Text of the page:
Low-income families already face an uphill battle in the housing market, but a recent study by a pair of Northeast public policy researchers suggests the hill could be even steeper.
Posted in Urban Affairs Review by Hangen Forestdoctoral student in public policy, and Dan O’Brienassociate professor of public policy, urban affairs and criminology and criminal justice, the study found blatant discrimination on Craigslist against Housing Choice voucher holders.
The housing choice voucher program, often referred to as Section 8 because of the section of the US housing law that authorizes it, is the primary means by which the federal government helps low-income families afford housing in the private market. Currently, approximately 2.1 million households receive vouchers under the program, and more than 80% of these families earn less than $20,000 per year.
Once a family is eligible based on income (it cannot exceed 50% of their county’s median income) and is approved for the program, state entities known as public housing agencies provide families with a voucher that they can use to find accommodation that meets a certain level of health and safety standards.
But when Hangen started looking into housing discrimination, he found the program wasn’t working the way it should. Hangen combed through more than one million Craiglist rental listings in 77 mid-sized cities across the United States and found “significant amounts” of blatant source of income (SOI) discrimination. Owners would post listings that say bluntly: “We don’t accept Section 8” or “Vouchers shall not apply”.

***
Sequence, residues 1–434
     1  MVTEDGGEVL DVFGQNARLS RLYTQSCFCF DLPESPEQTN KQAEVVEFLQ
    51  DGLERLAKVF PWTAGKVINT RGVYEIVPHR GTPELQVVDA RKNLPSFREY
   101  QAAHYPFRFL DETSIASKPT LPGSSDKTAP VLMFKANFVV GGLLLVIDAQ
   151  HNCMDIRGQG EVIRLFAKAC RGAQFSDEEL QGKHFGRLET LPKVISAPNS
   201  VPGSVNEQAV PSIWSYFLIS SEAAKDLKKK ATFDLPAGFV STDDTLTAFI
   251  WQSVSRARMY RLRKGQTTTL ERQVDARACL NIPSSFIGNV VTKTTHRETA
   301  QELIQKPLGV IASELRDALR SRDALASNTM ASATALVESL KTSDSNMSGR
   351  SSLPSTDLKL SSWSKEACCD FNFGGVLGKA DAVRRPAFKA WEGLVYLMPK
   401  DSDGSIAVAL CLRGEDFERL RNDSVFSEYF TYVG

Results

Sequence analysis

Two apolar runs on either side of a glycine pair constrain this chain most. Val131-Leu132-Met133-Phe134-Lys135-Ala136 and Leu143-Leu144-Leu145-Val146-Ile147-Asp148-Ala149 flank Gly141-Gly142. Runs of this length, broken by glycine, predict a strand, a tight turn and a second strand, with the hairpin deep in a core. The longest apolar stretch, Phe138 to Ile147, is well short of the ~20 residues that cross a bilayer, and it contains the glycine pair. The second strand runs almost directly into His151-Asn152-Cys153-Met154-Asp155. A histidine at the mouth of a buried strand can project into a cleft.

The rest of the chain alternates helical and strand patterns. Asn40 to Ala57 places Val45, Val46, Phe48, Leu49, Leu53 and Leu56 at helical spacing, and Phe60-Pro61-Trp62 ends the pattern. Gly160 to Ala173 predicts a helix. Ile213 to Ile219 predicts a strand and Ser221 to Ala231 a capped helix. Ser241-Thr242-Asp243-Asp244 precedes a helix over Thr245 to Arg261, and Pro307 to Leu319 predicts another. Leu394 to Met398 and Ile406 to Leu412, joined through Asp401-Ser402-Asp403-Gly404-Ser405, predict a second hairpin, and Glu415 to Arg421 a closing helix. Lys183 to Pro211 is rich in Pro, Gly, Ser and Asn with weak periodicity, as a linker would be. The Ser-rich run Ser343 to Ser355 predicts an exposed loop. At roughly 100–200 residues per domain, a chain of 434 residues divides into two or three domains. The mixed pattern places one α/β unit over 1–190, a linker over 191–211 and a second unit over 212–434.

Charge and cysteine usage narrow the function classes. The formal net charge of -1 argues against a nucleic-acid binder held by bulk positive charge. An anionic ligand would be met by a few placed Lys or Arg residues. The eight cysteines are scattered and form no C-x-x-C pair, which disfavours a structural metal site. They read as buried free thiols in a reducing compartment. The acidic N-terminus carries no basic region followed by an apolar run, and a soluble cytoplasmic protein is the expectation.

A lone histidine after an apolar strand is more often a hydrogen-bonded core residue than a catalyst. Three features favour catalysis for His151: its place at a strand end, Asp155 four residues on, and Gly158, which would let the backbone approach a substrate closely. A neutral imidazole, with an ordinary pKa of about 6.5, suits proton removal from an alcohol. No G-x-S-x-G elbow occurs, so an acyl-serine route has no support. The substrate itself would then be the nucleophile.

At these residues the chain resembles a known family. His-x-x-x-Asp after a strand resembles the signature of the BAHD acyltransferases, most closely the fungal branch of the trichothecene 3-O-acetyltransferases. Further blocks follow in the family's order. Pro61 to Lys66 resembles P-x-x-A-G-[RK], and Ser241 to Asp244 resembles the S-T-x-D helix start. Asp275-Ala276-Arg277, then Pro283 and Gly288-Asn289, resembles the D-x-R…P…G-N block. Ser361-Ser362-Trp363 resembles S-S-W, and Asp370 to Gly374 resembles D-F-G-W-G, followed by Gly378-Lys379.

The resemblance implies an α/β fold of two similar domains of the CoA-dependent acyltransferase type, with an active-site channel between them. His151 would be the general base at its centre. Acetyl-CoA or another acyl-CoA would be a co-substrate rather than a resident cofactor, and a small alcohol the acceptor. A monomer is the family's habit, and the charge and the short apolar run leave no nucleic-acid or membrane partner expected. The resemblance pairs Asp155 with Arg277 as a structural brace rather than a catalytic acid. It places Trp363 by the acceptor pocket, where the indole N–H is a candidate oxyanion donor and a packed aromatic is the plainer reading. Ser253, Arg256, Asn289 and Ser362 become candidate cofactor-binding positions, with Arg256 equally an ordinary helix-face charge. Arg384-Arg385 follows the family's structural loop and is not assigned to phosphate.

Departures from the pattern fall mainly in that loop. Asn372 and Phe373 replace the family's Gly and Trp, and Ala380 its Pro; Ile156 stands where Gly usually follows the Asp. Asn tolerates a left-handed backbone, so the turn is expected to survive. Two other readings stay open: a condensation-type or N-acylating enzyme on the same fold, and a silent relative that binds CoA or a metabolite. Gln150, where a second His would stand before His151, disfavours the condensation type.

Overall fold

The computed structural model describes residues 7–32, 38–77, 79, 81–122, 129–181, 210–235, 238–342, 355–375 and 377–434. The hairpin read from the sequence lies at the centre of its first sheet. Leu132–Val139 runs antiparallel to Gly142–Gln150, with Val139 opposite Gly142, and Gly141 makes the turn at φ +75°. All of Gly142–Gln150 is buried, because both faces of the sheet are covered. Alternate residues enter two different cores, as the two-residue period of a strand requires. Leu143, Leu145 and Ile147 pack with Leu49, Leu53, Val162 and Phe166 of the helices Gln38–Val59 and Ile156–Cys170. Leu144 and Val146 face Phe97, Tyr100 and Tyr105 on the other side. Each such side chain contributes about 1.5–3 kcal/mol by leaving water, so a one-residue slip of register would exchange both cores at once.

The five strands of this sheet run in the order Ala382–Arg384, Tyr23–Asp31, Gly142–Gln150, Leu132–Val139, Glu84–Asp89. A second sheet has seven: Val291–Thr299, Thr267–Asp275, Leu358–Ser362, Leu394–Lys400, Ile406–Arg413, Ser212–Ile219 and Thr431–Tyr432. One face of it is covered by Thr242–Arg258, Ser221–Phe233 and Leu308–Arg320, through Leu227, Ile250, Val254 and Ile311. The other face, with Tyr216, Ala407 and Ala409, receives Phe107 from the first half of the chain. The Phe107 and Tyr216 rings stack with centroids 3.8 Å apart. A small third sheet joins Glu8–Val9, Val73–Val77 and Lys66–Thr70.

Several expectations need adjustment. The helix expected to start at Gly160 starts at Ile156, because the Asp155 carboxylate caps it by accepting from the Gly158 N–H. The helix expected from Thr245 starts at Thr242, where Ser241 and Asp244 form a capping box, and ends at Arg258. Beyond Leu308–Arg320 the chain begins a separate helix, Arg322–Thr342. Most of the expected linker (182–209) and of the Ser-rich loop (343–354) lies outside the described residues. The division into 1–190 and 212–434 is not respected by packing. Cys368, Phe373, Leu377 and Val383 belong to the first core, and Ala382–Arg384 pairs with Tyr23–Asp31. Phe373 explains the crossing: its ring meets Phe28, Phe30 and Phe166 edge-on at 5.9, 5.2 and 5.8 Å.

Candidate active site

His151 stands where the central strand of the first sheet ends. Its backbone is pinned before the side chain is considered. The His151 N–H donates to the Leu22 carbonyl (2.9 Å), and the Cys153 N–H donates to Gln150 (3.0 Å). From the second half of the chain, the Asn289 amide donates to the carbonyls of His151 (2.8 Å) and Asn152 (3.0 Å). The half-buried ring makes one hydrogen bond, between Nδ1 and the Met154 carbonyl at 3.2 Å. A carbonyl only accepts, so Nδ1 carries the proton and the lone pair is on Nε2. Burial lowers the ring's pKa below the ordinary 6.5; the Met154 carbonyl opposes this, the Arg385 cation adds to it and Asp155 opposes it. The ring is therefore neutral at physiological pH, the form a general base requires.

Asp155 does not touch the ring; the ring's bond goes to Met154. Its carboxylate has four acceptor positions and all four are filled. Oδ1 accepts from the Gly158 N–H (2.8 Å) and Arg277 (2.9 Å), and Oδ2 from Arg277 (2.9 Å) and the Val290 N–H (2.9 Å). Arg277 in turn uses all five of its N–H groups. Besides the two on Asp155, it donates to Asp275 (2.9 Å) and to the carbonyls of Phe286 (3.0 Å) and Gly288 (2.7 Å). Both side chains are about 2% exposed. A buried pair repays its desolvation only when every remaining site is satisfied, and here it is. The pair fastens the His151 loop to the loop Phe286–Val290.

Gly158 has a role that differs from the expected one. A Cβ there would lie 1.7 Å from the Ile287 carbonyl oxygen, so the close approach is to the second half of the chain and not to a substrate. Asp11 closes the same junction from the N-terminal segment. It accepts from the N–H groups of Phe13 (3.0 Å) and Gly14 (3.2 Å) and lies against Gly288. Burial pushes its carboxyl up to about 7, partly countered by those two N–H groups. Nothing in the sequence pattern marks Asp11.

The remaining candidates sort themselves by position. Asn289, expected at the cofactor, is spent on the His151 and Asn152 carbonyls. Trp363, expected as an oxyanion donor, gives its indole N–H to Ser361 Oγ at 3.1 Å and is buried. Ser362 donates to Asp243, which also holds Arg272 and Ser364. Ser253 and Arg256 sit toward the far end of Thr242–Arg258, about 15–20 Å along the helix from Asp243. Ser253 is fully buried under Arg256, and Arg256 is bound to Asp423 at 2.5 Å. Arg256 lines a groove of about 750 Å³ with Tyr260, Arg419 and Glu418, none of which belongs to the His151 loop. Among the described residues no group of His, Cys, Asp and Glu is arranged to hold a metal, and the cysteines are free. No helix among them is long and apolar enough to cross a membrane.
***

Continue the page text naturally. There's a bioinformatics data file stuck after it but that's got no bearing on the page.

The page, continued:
Although discrimination against holders of Section 8 bonds is well documented, Hangen says the level of discrimination he found on Craigslist was startling.
Some cities like Madison, Wisconsin; El Paso, TX; and Portland, Oregon had almost no express SOI discrimination in their rosters. But the story was different in towns like Harrisburg, Pennsylvania; Tulsa, Oklahoma; and Cleveland, Ohio, where discrimination was present in approximately 10% of registrations.
What is even more surprising is that discrimination occurs in some cities that have anti-SOI discrimination laws.
“When these laws are passed, there is often no enforcement mechanism adopted,” Hangen says. “It’s out there, people can take legal action based on this law and you can report it to the local housing authority, but usually there’s no direct enforcement. There may even be no fines associated with it.
The federal Fair Housing Act prohibits discrimination based on many factors, including race, gender, religion, national origin, and disability, but not SELF. In recent decades, some states, counties, and cities have begun passing anti-SOI anti-discrimination laws. But the majority still don’t have laws in place, and even some of those who do suffer from SOI discrimination. Five of the 10 cities with the highest levels of SOI discrimination in the study had laws in place that explicitly prohibit it.
For families participating in the voucher program, the consequences of not being able to use their vouchers are potentially disastrous.
“If you can’t find housing during this search period, you risk losing the voucher,” says Bridgett Simmons, a lawyer for the National Housing Law Project. “If you lose the voucher, it means you no longer have the grant. If you no longer have the subsidy, the likelihood that you will be able to find housing after losing it decreases significantly.